Update: If your pitcher has shut down the strongest hitting team in the league through six innings, you let him keep going if someone reaches first base.  


There’s your October surprise.  The Los Angeles Dodgers, with their $107 million payroll, lose Game 4 of the World Series to the 189th best player drafted eight years ago, who makes the MLB minimum wage.  Bouncing around the league on a goofy laugh, good wheels and a glove that works sometimes, Brett Phillips was hanging by the thread of being the last man available on a 28-man roster on his fourth team in the show.  Left off the ALCS roster, he never had a post-season hit, and only hits .105 on 1-2 counts.  But there he was, his team’s last chance.  The video is here.


Pull up a ball bucket and take a seat, folks.  Because this is the kind of stuff Siftings was made for. 


I’d be lying if I said that was the most exciting end of a ball game I’ve ever seen, since there’s that one in Dubuque that I’ve always enjoyed.  I’d also be lying if I said I saw it as it happened, what with not having a television, and all.  But I wouldn’t be lying if I said there’s a pile of life lessons in the end of that game.  Let’s get the baseball ones out of the way first. 


The Dodgers made ten mistakes.  The pitcher, having been gifted with the second strike, should never have thrown the next ball in the strike zone.  Ego is a killer, and you’re being paid to win ballgames, not to be so toxically masculine you think every pitch is a commentary on your manhood.  The outfielders were poorly positioned.  That’s on the coaches.  The centerfielder did five things wrong (I’m an outfield coach, trust me).  He played the ball to his side like a do or die play but that wasn’t the game situation.  He looked up at the runners right when he should have been looking at the ball, which is why he missed it.  He stuck with it (good) but when he got to the ball he was close enough to throw to the catcher but he hit the cut-off man instead, adding unnecessary complexity to the play.  Embedded in the mistake to throw to the cut man was the physical mistake of not setting his feet and the psychological mistake to not put his first mistake behind him, immediately.  He threw to the cut man, psychologically, because he couldn’t deal with the finality of throwing to the catcher.  The first basemen threw to the wrong side of the plate.  The catcher started making the tag before he had the ball.  Of all the mistakes, that one is most forgivable, because he didn’t know how close the runner was. 


The unforgivable mistake was the pitcher not backing up the catcher.  Don’t think, just throw, is a good maxim for relievers.  But when that ball leaves your hand, you’re not a pitcher anymore.  You’re an infielder.  So, act like it.  Act like you care more about the team than yourself.  You want to mope around about something that went not exactly as your ego planned it?  Maybe find a line of work that isn’t nationally televised.      


We watch the game because it’s an opera you don’t have to dress up for.  There’s pretzels and beer, too.  English and Spanish are mostly spoken, but there’s Korean and Japanese as well.  There’s some Latin word that starts with “f” and ends in “auk” that gets shouted a lot, for reasons unknown to me.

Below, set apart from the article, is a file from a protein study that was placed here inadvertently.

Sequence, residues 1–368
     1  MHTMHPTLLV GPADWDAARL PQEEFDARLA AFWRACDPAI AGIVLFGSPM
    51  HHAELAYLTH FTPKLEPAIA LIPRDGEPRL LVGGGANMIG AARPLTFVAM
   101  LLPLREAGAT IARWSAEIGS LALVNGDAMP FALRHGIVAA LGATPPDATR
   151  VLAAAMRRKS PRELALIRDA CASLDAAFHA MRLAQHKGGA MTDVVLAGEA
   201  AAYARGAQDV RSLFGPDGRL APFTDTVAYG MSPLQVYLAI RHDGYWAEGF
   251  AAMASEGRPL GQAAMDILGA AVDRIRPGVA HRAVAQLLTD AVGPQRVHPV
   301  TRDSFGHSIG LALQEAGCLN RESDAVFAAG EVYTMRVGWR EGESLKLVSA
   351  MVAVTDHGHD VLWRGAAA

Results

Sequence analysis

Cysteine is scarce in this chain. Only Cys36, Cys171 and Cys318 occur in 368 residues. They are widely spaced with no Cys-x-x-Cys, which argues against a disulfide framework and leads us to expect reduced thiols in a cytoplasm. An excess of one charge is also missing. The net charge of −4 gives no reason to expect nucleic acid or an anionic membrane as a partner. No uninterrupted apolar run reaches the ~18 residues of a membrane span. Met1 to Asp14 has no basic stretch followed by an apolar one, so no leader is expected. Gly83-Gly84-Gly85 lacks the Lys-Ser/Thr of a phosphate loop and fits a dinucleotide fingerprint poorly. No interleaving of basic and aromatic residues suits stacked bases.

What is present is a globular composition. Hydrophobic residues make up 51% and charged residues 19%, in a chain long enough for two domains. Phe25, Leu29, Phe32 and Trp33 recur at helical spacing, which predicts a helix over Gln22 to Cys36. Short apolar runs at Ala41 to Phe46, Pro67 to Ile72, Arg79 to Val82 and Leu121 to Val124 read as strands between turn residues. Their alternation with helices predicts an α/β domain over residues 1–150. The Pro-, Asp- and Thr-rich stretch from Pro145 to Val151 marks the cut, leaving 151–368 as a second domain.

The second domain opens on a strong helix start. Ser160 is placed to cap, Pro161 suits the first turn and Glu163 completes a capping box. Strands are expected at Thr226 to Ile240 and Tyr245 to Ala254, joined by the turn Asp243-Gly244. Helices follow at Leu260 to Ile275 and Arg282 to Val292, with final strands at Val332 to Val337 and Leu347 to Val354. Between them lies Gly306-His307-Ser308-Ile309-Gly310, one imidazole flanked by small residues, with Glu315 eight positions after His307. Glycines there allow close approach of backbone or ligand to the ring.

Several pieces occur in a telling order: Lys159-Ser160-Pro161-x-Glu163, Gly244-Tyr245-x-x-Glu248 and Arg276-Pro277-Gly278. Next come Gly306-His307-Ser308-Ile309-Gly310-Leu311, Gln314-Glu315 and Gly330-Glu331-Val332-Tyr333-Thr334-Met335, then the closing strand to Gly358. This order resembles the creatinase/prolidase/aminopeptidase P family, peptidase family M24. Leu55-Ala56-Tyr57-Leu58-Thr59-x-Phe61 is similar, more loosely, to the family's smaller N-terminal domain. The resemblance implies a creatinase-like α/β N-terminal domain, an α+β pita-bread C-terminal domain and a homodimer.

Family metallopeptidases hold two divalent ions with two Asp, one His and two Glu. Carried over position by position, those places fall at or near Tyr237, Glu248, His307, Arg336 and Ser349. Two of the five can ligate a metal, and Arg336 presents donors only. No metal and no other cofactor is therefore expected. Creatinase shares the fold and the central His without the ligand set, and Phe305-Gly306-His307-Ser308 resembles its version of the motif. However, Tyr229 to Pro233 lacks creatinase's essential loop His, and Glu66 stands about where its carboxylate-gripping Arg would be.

Baseball isn’t everything, but it’s close.  We watch the game because it’s the most hopeful distillation of the birth school work death merry-go-round we each get one ticket for.  Keep your hands inside the ride, and keep the ball in front of you (the centerfielder voice in my head never leaves me, even in dreams).  A. Bartlett Giamatti famously noted baseball is designed to break your heart and I’m secure enough to admit that my eyes have been watery once or twice round the game.


We don’t say that Latin word at the Malin household.  We say Bartman. 


But in this year 2020, when most everything is so awful, they whipped up a little baseball to give us something.  Something hopeful.  Something fun.  Something like life as we remember it, and may get back to one day.  And so I was down at the ball diamond yesterday, alone, hitting off a tee and throwing at a garbage can target propped up on a milk crate over home plate.   And not feeling dumb about it, at all.  Real baseball, real life, will return.


The life lesson of the game is to never give up.  I don’t know Brett Phillips, but if he’s 26, he’s been playing the game more than twenty years.  He’s a decade past his youth when he was the best player on the team.  He’s the 28th best player on the third lowest payroll team in the major leagues.  There’s a whole bunch of ballplayers who are, stat-wise, better than he is.  But through the errors and strikeouts and injuries and minor league meat grinder and twenty years of heartbreak of the game, he didn't bring stats with him to the batter’s box with two outs in the bottom of the ninth at the World Series.  He brought himself, with his goofy laugh, grinder's smile and belief that anything's possible.  Mookie got us tacos.  Brett got us hope. 


We watch the game because it’s the one that not only marks the time, it suspends time.  Someone should clue Rob Manfred in because, honestly, we like that part.  We like the part where our baseball and life memories overlap.  We like the part about not knowing exactly when it will end.  Baseball IS life Rob, and not knowing when the merry-go-round is gonna stop is part of the make each day count deal.  So is … if you’re doing it right like Brett, the grinder’s smile and belief that anything is possible.


Put in the work.  Take your shot.  Run like the everything is possible kid you never have to stop being.


Go Rays.